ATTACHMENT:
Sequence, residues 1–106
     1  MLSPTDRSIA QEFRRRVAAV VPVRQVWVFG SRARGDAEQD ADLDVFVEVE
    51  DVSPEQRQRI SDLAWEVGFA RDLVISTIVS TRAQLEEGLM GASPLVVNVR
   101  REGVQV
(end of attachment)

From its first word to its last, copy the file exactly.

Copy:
Sequence, residues 1–106
     1  MLSPTDRSIA QEFRRRVAAV VPVRQVWVFG SRARGDAEQD ADLDVFVEVE
    51  DVSPEQRQRI SDLAWEVGFA RDLVISTIVS TRAQLEEGLM GASPLVVNVR
   101  REGVQV